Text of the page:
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Train from Verona to Venice

Train from Verona to Venice

Leave Romeo and Juliet’s famous balcony behind and discover the sumptuous elegance of one of Italy’s most iconic cities. Here’s all you the information you need about taking the train from Verona to Venice.

Verona may be the setting for Shakespeare’s greatest love story, but for real romance there is no city in the world like Venice. An exclusively pedestrian city of picturesque canals, narrow lanes, and tiny footbridges, Venice is a destination best reached by train.

Verona and Venice are only 74.5 miles (120 km) apart by train. Though it takes about the same amount of time to drive as it does to take the train, there are no motor vehicles allowed on Venice’s islands, so you have to leave your car outside the city. A much better option is to take the train directly into Venice and avoid the hassle of having to find and pay for parking.

 

Frequent Trains from Verona to Venice

Trenitalia operates about 72 trains each day departing from Verona Porta Nuova station and arriving in Venezia Santa Lucia station, and the train trip takes about an 1 hour and 10 minutes on Trenitalia’s high-speed Alta Velocità (AV) trains, including the Frecciabianca, Frecciarossa, and Eurocity routes.

The other option for direct trains from Verona to Venice are Regionale trains, which take about 1.5 hours with the Regional Veloce or about 2 hours and 15 minutes for the Regionale. Tickets on this route begin at $11 for the Regionale trains; high-speed train tickets cost between $21 and $30.

Note that routes run less frequently and may have longer travel times on weekends and holidays.

 

Direct Trains from Verona to Venice

Virtually all trains from Verona to Venice are direct, including both the high-speed and Regionale trains, so there is are a variety of options for a direct train from Verona to Venice departing throughout the day. There are, however, a few trains on this route that require a change, so be sure to check carefully when you book.

 

Amenities on Trains from Verona to Venice

The top of the line AV train is the Frecciarossa, which offers air-conditioned cars with monitors listing travel information and news, power outlets at every seat, free WIFI, and 3g and 4g internet. There are a number of classes with color-coded cars: Executive (brown, including meal service and station lounge); Business (blue, including snack, drink and choice of newspaper); Premium (red, including snack, drink and choice of newspaper), and Standard (orange, with trolley snack and drink service). There is also a café car available to all passengers.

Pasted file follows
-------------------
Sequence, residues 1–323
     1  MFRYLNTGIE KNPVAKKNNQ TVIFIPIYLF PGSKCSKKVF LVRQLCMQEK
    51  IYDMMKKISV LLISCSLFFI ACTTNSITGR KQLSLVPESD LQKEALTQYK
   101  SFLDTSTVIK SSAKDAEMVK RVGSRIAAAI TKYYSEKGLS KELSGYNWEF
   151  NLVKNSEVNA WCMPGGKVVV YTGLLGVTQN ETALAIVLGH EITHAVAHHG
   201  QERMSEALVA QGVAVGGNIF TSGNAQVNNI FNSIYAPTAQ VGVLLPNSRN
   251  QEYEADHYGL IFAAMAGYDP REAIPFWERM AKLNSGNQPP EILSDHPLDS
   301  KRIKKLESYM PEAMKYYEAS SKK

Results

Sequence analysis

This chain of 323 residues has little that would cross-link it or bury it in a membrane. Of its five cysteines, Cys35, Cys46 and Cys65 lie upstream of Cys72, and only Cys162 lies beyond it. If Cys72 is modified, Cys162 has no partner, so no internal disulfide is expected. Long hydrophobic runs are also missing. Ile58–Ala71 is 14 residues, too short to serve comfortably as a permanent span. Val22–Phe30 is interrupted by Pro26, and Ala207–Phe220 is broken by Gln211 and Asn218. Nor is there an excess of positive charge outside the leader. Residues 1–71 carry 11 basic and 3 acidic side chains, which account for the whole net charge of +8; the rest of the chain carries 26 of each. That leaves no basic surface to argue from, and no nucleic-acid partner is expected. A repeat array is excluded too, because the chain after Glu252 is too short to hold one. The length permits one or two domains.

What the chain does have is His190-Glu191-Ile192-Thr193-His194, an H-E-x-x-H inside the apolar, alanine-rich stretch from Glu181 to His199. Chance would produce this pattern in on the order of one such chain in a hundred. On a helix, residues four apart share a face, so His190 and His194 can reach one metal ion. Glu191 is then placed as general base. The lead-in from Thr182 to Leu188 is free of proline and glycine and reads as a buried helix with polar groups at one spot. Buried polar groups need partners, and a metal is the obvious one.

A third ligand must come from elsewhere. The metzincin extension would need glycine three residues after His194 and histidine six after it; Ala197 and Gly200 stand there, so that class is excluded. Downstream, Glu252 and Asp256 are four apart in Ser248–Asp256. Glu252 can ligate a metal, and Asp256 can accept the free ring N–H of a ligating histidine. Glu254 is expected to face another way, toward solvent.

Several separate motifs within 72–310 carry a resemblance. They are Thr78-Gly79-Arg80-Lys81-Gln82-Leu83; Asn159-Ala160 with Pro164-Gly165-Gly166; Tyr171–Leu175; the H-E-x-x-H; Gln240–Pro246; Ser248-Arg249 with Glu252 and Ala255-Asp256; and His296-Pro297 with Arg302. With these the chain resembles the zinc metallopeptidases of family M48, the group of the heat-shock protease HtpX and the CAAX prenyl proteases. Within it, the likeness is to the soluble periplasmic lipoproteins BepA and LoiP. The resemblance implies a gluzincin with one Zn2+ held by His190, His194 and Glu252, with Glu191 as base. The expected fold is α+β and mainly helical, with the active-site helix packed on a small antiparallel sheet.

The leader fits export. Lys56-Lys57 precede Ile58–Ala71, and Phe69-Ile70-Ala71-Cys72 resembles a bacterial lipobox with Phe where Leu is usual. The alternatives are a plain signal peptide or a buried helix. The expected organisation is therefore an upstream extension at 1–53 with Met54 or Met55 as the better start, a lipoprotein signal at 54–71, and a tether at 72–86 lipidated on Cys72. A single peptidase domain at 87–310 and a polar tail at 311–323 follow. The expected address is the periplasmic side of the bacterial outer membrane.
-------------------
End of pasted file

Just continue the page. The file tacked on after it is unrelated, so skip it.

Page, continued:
Frecciabianca trains are the third-tier AV trains:  they are very similar in passenger experience to the Frecciarossa, though not as fast. Frecciabianca trains have both 1st-class and 2nd-class cars, both of which are air-conditioned and include power outlets at each seat. First-class passengers receive a free drink and newspaper, and all Frecciabianca trains offer either trolley service and/or a café car for all passengers.

Eurocity trains are the lowest tier AV trains, and are slower and less luxurious than other AV trains, but faster and more comfortable than Regionale trains. Eurocity trains have air-conditioned 1st-class and 2nd-class cars; 1st-class cars have power outlets at each seat, free newspapers, mini-bar, and meal service. There is also a café car available to all passengers.

There are sometimes 1st class and 2nd class cars on Regionale trains, but not always. Reservations are not required on these trains, so passengers can choose any available seat on a car in the purchased ticket class. There is no food service or café car on Regionale trains, and the air­ conditioning and power sockets are not always functional.


 

Verona and Venice Train Stations

Porta Nuova is Verona’s main train station on Piazzale 25 Aprile, which is also the city’s hub for local and regional buses. The train station not located in the historic center, but there are frequent buses from the center to Piazzale 25 Aprile.

Venice has two stations: Mestre is located on the mainland and Venezia Santa Lucia (sometimes abbreviated as S. Lucia) is on the islands, making it the most convenient for arriving travelers. There is a vaporetto (water bus) stop right outside the station on the Grand Canal. Some trains stop at both Venice stations, while others stop at only Santa Lucia.

Journey Information

See below for details on traveling from Verona to Venice.

Frequently Asked Questions (FAQs) About Train Travel in Italy

From seat assignments and luggage space to the different types of tickets, here are some of the most frequently asked questions about train travel in Italy.

Arrival & Departure Train Destinations

Read on for information about Venice and nearby Milan train stations.

Hotels in Venice

From historic properties to contemporary design hotels, there are hotels in Italy for all budgets and tastes.

Things To Do in Venice

Whether exploring its historic sites or taking a gondola ride on a Venetian canal, there is no shortage of things to do in the romantic city of Venice

Types of Trains in Italy

From Trenitalia's high-speed Frecciarossa trains to old-world scenic rail cars, learn about the different kinds of trains in Italy.

More Popular Train Routes in Italy

If Venice is not your final destination, see below for ideas and information on other popular train routes in Italy.

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